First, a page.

Ind. Admin. Code tit. 45 r. 2.2-5-10(k). Interstate argues that it is engaged in processing because it processes chilled ammonia to produce conditioned air and sells “the cooled, dehydrated and conditioned air that it processes.” Pet’r’s Mem., App. at 90. But we think the Department has the better part of the argument: “Interstate [does not] ‘perform an integrated series of operations’ resulting in a transformed end product to Interstate’s customer. … The cool air merely maintains the customer’s previously manufactured goods. There is no substantial change in ‘form, composition, or character’ to those goods. The cold air is only incidental to the service of storing previously manufactured goods.” Mem. in Supp. of Resp. to Mot. For Summ. J. and Cross-Mot. For Summ. J., App. at 76. We hold that Interstate is not engaged in the “business of … processing.”


In deciding this case in favor of Interstate, the Tax Court relied heavily on its opinion in Mid-America Energy Resources, Inc. v. Indiana Dept. of State Revenue, 681 N.E.2d 259 (Ind. Tax Ct. 1997), review denied, 690 N.E.2d 1184. Because of this emphasis, we believe we should explain why we read Mid-America differently.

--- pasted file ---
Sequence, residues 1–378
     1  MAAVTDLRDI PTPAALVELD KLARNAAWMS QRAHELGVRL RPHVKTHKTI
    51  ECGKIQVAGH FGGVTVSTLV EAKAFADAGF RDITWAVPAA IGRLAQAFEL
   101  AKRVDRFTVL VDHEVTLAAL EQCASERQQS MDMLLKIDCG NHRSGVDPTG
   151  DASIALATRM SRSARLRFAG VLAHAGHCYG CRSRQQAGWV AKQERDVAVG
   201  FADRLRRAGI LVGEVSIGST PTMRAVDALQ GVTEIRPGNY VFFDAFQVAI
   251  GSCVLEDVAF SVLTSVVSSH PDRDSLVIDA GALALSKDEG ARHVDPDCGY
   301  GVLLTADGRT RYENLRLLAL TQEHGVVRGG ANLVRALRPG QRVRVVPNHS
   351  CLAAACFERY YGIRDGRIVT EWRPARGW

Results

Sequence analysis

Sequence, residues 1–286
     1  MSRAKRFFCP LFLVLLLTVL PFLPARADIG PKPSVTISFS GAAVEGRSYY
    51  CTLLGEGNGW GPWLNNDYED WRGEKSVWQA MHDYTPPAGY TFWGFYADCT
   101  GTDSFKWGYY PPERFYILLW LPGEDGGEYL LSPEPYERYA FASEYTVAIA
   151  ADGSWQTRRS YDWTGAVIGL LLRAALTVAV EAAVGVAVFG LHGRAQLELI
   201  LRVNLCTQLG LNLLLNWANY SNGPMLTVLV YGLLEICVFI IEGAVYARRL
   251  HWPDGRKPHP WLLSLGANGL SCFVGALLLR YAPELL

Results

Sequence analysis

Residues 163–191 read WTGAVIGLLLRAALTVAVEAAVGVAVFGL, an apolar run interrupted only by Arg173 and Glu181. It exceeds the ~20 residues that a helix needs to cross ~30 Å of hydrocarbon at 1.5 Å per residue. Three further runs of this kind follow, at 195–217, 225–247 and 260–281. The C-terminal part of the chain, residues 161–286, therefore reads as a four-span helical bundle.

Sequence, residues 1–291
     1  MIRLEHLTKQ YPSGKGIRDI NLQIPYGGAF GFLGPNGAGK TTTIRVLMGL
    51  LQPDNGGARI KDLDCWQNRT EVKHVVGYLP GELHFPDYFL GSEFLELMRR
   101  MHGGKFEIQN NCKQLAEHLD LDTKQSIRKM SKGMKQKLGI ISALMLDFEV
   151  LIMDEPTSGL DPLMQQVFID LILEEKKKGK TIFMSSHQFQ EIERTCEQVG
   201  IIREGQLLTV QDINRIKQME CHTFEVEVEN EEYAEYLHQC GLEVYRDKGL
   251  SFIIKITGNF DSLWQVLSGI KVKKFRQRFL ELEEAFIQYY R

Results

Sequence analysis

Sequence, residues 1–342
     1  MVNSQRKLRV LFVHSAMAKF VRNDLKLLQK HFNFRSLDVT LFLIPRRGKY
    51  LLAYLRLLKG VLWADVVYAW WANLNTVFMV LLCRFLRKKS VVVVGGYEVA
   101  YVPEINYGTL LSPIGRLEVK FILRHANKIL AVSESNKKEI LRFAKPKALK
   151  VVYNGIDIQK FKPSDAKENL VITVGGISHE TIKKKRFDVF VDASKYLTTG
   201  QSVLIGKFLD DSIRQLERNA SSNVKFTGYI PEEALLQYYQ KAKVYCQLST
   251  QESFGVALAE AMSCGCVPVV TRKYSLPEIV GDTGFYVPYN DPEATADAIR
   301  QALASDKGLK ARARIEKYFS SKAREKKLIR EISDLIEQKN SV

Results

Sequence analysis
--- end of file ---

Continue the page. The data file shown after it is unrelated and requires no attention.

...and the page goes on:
The taxpayer in Mid-America was an Indiana corporation that provided chilled water for air conditioning to downtown Indianapolis businesses. Mid-America, 681 N.E.2d at 260. Mid-America operated a central processing plant where it chilled and chemically treated water before distributing the water to its customers through an underground, closed loop, distribution system. Id. When the water became too warm to serve its purpose, it was returned to the central plant through the closed loop and the process was repeated. Id. Mid-America charged its customers based on the quantity of water delivered and the temperature differences in the water that returned. Id. It collected sales tax on the sales made, remitting sales taxes collected from non-exempt customers to the appropriate authorities. Id.

The Tax Court correctly found that Mid-America was entitled to the exemption at issue in this case on chemicals it purchased because its operation of chilling and treating water for the purpose of conditioning air in its customers’ buildings constituted production of other tangible personal property. Id. at 264. Mid-America chilled and treated water that its customers purchased and used to condition the air in their respective buildings.